5.04 Social Welfare
No information.
5.05 Secularization of Society
0, AC4
The Castillo Armas regime had a love-hate relationship with the Catholic church. While accepting support from clerical elements in Guatemala, the MDN did not allow the church to regain its past political power. The constituent assembly passed articles which restricted church support of political parties, guaranteed religious freedom, provided for the separation of church and state, did not permit catholic education in public schools, and prohibited clerics from political office. There is no information on the MDN policy during the Ydigoras regime.
5.06 Support of the Military
5, AC7
Castillo Armas, president of Guatemala and founder of the MDN, was a colonel as was Cruz Salazar, MDN presidential candidate in 1958. Castillo Armas expanded the police force during his regime and used the army for control of demonstrations and other social disorders. His regime depended upon military support. There is no reason to believe that this pro-military orientation of the MDN changed later, for the regime with which the MDN was allied was also supported by the armed forces.
5.07 Alignment With East-West Blocs
5, AC9
MDN leaders have continually favored the United States and have, indeed, depended upon it. The Castillo Armas invasion had United States aid and blessings, and the United States continued to support his intensely anti communist regime. Cruz Salazar was the United States' favorite for the presidency in 1958. The New York Times felt that this may have been the reason for his loss. Both the MDN and the PRDN remained allies with the United States during the second half of our time period through unilateral arrangements and through multilateral organizations like the OAS.
5.08 Anti-colonialism
3, AC4
Castillo Armas had very close links with the United States during his administration. One would thus expect that this extended to the area of foreign investment. One example is given of a law that would specifically aid foreign petroleum interests. It is inferred that such legislation was commonly used to encourage foreign investments. Later, there is only one reference to the MDN orientation to foreign investment. In a campaign speech, Cruz Salazar stated that there would be no change in policy. However, he did not appear to encourage United States investment, but rather to accept it.
5.09 Supranational Integration
3, AC6
Castillo Armas changed the past policy of the Arbenz regime toward Odeca, the Organization of Central American States. Arbenz had left Odeca during a disagreement over a policy issue. Castillo Armas re-entered the organization during his presidency. It is assumed that the MDN also supported the Central American Common Market during the Ydigoras regime as Ydigoras promoted it, and his party was in alliance with the MDN.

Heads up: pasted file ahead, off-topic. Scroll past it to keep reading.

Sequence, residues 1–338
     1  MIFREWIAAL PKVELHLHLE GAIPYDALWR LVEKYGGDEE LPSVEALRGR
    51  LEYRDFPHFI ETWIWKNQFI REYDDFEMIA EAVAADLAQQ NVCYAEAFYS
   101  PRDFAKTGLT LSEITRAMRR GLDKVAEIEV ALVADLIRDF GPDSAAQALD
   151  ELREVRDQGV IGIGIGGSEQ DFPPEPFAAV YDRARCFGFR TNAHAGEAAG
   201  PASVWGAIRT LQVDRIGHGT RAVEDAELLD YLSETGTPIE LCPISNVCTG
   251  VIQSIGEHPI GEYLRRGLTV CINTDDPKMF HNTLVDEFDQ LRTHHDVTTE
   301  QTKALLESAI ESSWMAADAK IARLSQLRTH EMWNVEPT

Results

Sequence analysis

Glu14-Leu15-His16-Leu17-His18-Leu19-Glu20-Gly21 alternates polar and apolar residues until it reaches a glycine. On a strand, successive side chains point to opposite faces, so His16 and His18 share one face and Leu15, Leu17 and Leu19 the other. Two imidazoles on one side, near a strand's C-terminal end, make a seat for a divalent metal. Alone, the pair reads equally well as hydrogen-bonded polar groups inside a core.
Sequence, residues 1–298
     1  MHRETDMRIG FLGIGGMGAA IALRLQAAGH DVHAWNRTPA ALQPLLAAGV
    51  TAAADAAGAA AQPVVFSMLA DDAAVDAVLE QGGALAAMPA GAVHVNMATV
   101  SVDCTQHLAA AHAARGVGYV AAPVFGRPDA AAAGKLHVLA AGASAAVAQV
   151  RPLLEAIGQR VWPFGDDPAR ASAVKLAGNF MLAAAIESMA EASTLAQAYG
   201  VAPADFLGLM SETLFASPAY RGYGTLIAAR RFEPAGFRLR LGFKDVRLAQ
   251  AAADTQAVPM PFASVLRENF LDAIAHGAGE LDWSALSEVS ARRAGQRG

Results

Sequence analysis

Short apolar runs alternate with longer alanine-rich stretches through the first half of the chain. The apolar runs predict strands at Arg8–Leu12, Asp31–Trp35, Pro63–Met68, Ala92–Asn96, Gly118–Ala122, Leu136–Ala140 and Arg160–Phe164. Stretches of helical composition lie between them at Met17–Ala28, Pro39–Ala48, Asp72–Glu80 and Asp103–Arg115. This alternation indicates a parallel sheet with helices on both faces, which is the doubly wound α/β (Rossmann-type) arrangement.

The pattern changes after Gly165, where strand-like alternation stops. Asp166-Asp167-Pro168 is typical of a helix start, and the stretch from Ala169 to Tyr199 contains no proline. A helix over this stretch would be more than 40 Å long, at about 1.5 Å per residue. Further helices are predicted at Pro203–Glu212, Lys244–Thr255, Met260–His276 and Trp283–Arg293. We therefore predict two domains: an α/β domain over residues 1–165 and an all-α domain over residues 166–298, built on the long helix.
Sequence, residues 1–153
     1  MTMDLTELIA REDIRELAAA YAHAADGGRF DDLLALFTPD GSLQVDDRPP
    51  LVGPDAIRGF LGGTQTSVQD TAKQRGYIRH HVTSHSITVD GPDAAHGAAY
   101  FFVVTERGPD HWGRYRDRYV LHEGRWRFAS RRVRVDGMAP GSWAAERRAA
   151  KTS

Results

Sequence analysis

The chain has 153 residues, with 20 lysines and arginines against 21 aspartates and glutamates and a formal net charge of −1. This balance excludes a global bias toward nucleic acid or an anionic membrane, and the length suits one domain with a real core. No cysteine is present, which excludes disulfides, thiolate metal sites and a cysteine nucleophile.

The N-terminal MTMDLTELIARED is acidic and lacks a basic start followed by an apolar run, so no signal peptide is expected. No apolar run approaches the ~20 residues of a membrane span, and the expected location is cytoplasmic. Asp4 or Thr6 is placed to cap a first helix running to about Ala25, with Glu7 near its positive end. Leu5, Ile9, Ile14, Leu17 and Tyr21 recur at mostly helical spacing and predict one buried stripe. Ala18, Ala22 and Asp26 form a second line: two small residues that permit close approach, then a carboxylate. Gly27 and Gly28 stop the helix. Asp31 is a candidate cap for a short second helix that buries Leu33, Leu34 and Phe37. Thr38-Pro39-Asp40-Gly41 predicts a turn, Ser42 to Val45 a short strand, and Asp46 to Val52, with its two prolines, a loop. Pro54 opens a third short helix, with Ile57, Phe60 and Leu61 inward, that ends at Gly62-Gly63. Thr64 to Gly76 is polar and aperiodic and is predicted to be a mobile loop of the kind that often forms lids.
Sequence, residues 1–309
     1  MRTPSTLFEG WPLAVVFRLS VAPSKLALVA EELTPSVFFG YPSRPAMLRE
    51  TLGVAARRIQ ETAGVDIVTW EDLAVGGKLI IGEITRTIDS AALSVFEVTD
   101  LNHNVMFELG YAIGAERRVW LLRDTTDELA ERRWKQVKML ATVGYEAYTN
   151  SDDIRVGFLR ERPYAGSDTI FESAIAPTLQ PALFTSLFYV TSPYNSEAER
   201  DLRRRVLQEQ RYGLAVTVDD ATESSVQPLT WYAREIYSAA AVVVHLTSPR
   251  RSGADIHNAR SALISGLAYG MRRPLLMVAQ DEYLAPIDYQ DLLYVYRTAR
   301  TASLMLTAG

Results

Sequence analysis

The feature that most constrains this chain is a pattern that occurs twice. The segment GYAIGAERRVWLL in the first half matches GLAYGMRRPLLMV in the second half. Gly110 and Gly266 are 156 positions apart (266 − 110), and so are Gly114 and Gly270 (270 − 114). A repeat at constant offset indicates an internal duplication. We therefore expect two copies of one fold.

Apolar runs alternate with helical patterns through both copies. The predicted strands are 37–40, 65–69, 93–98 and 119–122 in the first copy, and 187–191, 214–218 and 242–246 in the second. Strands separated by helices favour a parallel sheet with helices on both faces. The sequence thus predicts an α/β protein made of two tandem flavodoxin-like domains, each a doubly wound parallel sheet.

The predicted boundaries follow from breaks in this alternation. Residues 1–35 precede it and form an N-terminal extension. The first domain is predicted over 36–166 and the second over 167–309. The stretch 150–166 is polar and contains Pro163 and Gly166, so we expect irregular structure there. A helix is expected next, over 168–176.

5.10 national integration
No information.
5.11 Electoral Participation
1, AC8
The constitution of 1956, drafted by Castillo Armas' supporters, created a secret ballot for literates and an open ballot for illiterate males ( illiterate females were not allowed to vote). An electoral law issued later made voting compulsory for literate males and females over eighteen years of age and optional for illiterate males.
5.12 Protection of Civil Rights
3, AC9
MDN philosophy was a frantic anti-communism, a reaction to the reformist Arbenz regime. During the Castillo Armas regime, all leftists were restricted from organizing, and past leaders were often arrested or exiled. The Communist Party was barred from Guatemala by the 1956 constitution, whereas Ydigoras is said to have had a type of deal with Mendez Montenegro, leader of the leftist-oriented PR. The MDN entered neither national coalitions nor Guatemala City mayoral electoral alliances with them.
  • 5.13 Interference With Civil Liberties

0, AC6
One source states that Castillo Armas allowed an oppositionist weekly to be published. Yet he also prohibited the use of "political or undemocratic propaganda." This contradiction was inherent in his policy which guaranteed civil liberties except during extenuating circumstances.
5.14 / 5.15 US--Soviet Experts Left-Right Ratings
US says 1, conservative
Soviets say 1, stands in a most extreme reactionary anti-communist position.
6.00 Open Competition in the Electoral Process
2.5, AC7
The MDN was formed for the 1955 elections, which were conducted under the Castillo Armas government following his coup of 1954. The freedom of these elections is suspect, as the MDN won more than 80 percent of the seats. In the congressional elections of 1958, 1959, and 1961, however, the MDN followed more of a competitive strategy, although it did form a strong alliance with the PRDN in 1959 and a weaker one in 1961.
6.10 Restricting Party Competition
1.5, AC7